Earth Alone 2: The Search For More Money!

Hey Guys!

Back to my project! In this post I want to take the time to talk about both my ambitions for my game project, and more specifically, I want to start talking about the financing of my project. As such, I’ll be addressing this topic to the best of my ability…

Just to recap, my game, Earth Alone, brings the player into a dystopian future Earth where the veil separating the realm of nature spirits has ripped, colliding worlds, and creating a brand new era on our Planet. Essentially, it’s about bringing a malleable, player-driven narrative into a Final Fantasy/Dragon Quest-esque 2D turn-based RPG. Here’s my latest developer diary if you’re interested in learning where I’m at:

Thus far, the main financial hurdle I’ve had to cross in the making of my game was the purchasing of the RPG Maker MV software on Steam. My main mission now is to create a demo that will successfully whet the appetites of consumers who would be interested in potentially investing in the game. While I could create a complete game using the software and the free resources I’ve collected online, I ideally see the project manifesting as a crowd-funding campaign. These raised funds would serve to:

  • hire artists to create original assets that compliment my vision;
  • hire animators to design rad cutscenes;
  • hire voice actors to voice the characters in my world;
  • hire a small team of devs familiar with the software to help streamline the creation process, especially regarding the realm of scripting;
  • and last (but not least), hire a team of cheap servants to worship and provide for me while I, like Jabba the Hutt, lounge and oversee production from my elevated concrete slab.

Given my sore unfamiliarity with the world of marketing and funding and all that jazz, I found ‘s article, “How to Fund Your Indie Game,” to be indispensable! There he concludes stating:

“There’s a wealth of opportunities for game development companies seeking to procure funding for their next foray, with more alternatives propping up every year. With so many options available, there’s hardly a need to limit yourself to one source.”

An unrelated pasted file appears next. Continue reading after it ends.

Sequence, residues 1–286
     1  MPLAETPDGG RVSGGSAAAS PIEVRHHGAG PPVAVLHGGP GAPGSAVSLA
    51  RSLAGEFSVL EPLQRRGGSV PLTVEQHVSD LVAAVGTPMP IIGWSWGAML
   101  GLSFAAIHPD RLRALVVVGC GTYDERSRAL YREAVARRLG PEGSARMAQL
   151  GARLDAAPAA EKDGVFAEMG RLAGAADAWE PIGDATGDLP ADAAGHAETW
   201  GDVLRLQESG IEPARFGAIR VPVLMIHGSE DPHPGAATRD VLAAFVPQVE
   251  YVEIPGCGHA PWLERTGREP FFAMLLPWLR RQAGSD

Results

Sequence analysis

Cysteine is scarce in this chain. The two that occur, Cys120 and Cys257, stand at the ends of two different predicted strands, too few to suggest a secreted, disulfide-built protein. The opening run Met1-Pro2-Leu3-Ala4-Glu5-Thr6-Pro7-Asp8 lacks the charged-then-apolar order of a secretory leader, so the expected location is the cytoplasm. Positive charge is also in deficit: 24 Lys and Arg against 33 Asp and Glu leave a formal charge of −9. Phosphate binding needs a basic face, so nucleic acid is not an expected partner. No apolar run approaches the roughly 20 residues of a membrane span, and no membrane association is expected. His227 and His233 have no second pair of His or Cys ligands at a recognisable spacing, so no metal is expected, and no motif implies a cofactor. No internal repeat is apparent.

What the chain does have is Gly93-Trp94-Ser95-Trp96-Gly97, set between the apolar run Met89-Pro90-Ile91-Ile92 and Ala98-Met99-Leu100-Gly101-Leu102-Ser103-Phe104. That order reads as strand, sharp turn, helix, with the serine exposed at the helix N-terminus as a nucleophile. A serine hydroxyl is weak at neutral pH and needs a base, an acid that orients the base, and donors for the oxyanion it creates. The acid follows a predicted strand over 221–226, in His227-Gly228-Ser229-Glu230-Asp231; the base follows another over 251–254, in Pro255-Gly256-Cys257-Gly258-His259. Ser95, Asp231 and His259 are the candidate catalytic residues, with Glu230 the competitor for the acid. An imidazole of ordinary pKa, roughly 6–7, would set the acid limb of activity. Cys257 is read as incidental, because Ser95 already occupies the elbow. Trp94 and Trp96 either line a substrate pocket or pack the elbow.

Alphafunding for Indie Games, by Greg

One opportunity I certainly see complimenting my vision is working towards an Alpha-funding model, that is, allowing gamers to purchase the game prior to its commercial release, a popular business model that’s allowing many successful indie games to truly blossom! While it not only allows you to release the game early,  it also allows the community to play test your unfinished title, a community who are rewarded with frequent updates promising new content!

Eric Barone, aka ConcernedApe, the incredible developer of Stardew Valley, perfected this business model in my opinion. Not only did his game, more or less, become an overnight success, he still regularly releases free content updates to build on the game, and even takes time out to communicate with his Stardew Valley community, both on his website and on his twitter feed. If you’re interested in learning more about his creative process, I’d recommend checking out the interview he did with Tom Marks from PC Gamer.

In the long run I’d eventually like to see my project ‘green-lit’ through Steam Greenlight service,  a service which allows new game developers worldwide to pitch their game ideas and projects. If successful, these games are destined to become a part of Steam’s growing indie game library. Although before I become too ambitious, I’d love to hear your thoughts in the meantime, and I’d especially love for you all to try out the demo I’m working on!

Oh, and last but not least, here’s a bonus video where I quickly look at the Day/Night system I designed which I’m super proud of:

If you’re interested in checking out the rest of my developer diaries, here is the playlist.


Reference List:

Robert DellaFave, (2014), “How to Fund Your Indie Games,” envatotuts, <–cms-20514>